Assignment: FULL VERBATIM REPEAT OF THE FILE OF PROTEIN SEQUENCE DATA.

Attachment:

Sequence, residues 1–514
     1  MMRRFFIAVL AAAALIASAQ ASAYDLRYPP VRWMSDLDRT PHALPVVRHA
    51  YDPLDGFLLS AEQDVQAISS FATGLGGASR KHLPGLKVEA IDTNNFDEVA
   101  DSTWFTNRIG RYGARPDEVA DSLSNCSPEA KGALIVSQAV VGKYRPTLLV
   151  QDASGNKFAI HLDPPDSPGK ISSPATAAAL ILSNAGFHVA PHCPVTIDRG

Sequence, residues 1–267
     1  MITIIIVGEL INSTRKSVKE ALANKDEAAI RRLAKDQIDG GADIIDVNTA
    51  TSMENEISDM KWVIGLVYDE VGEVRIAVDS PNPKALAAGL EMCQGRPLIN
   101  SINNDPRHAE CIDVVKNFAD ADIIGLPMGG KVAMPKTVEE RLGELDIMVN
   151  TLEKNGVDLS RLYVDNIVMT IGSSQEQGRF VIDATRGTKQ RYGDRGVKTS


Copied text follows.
Sequence, residues 1–514
     1  MMRRFFIAVL AAAALIASAQ ASAYDLRYPP VRWMSDLDRT PHALPVVRHA
    51  YDPLDGFLLS AEQDVQAISS FATGLGGASR KHLPGLKVEA IDTNNFDEVA
   101  DSTWFTNRIG RYGARPDEVA DSLSNCSPEA KGALIVSQAV VGKYRPTLLV
   151  QDASGNKFAI HLDPPDSPGK ISSPATAAAL ILSNAGFHVA PHCPVTIDRG

Sequence, residues 1–267
     1  MITIIIVGEL INSTRKSVKE ALANKDEAAI RRLAKDQIDG GADIIDVNTA
    51  TSMENEISDM KWVIGLVYDE VGEVRIAVDS PNPKALAAGL EMCQGRPLIN
   101  SINNDPRHAE CIDVVKNFAD ADIIGLPMGG KVAMPKTVEE RLGELDIMVN
   151  TLEKNGVDLS RLYVDNIVMT IGSSQEQGRF VIDATRGTKQ RYGDRGVKTS